COLUMBIA — Tim Seibles has invented narrative and written prose since childhood, but he didn't come to fully identify as a poet until college. While attending Southern Methodist University in Dallas, Seibles went to a workshop held by then-faculty member and poet Michael Ryan. Ryan read poetry that did more than leave a passing impression on Seibles — it "knocked him out."
"The potential for doing wild and imaginative things just overwhelmed me," Seibles said.
WHAT: Poet Tim Seibles reads from his work, presented by MU's Center for the Literary Arts
WHEN: 7:30 p.m. Thursday
WHERE: Jesse Wrench Auditorium, Memorial Union South, Hitt Street and the east end of Lowry Mall, MU
OTHER CENTER FOR THE LITERARY ARTS EVENTS: All are free and at MU
Ibtisam Barakat: 7:30 p.m. Oct. 2, Jesse Wrench Auditorium
Rodger Kamentez: lecture, 4 p.m. Oct. 22, 104 Tate Hall; reading, 7:30 p.m. Oct. 23, 106 Pickard Hall
Moira Crone: reading, 7:30 p.m. Oct. 23, 106 Pickard Hall; lecture, 4 p.m. Oct. 24, 104 Tate Hall
Richard Rodriguez: 7:30 p.m. Nov. 13, Reynolds Alumni Center
Benjamin Michael Percy: 7:30 p.m. Feb. 5, Reynolds Alumni Center
Sedio Ray Ronci: 7:30 p.m. Feb. 19, location to be announced
William Least Heat-Moon: 7 p.m. March 5, Ellis Library
Lisa Russ Spaar and Kimberly Johnson: 7:30 p.m. April 1, location to be announced
Now, as an associate professor of English at Old Dominion University and the author of six books of poetry, Seibles has a similar opportunity to affect college students and communities through readings. He said he enjoys visiting universities and cultural centers to share poetry and possibly surprise his audiences.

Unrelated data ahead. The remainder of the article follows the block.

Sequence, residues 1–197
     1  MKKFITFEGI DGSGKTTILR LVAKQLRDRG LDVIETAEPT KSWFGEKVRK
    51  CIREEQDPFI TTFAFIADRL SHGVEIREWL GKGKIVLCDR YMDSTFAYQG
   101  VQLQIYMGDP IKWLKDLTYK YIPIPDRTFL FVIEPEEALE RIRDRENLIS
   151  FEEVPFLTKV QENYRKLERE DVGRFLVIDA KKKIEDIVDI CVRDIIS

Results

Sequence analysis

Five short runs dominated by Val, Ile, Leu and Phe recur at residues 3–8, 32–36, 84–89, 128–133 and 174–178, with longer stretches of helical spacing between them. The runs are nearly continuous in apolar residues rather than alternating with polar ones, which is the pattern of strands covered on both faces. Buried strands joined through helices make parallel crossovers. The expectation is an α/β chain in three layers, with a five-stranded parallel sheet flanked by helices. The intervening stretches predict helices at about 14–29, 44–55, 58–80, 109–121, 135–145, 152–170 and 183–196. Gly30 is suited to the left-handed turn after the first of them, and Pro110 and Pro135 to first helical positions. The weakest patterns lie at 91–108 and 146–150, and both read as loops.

On his first trip to MU, Seibles will read some of his work on Thursday as part of a fall series presented by the Center for the Literary Arts.
Seibles acknowledges he can do more with a poem now than he could 10 years ago, owing to time and development of skill with language, but he still maintains a similar sense of style and continuity from book to book. The subjects of his poems and his inspirations for them draw largely from childhood memories, politics, romance and sexuality, said Seibles.
"He writes about matters of race and contemporary life in the world with compassion, generosity and compelling humor," said Scott Cairns, director of the Center for the Literary Arts at MU and a former colleague of his at Old Dominion.
His reading will include work from latest book, "Buffalo Solos," as well as older poems and new material inspired by memories of teenage years.
For Seibles, he said, readings ultimately provide the chance to engage poetry lovers but also those who might not be avid fans.
"I hope that people come away from my readings realizing that poetry is more than they thought it was," Seibles said.